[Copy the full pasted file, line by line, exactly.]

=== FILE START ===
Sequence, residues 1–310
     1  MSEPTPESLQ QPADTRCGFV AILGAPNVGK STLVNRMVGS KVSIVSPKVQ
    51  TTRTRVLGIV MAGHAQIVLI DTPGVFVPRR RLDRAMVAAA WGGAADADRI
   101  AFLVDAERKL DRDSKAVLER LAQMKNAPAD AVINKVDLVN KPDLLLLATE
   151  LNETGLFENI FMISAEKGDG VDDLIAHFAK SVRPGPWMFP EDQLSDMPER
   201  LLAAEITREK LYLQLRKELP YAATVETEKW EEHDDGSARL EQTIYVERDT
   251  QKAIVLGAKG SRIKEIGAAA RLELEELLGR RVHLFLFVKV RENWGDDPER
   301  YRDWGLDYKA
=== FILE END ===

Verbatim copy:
Sequence, residues 1–310
     1  MSEPTPESLQ QPADTRCGFV AILGAPNVGK STLVNRMVGS KVSIVSPKVQ
    51  TTRTRVLGIV MAGHAQIVLI DTPGVFVPRR RLDRAMVAAA WGGAADADRI
   101  AFLVDAERKL DRDSKAVLER LAQMKNAPAD AVINKVDLVN KPDLLLLATE
   151  LNETGLFENI FMISAEKGDG VDDLIAHFAK SVRPGPWMFP EDQLSDMPER
   201  LLAAEITREK LYLQLRKELP YAATVETEKW EEHDDGSARL EQTIYVERDT
   251  QKAIVLGAKG SRIKEIGAAA RLELEELLGR RVHLFLFVKV RENWGDDPER
   301  YRDWGLDYKA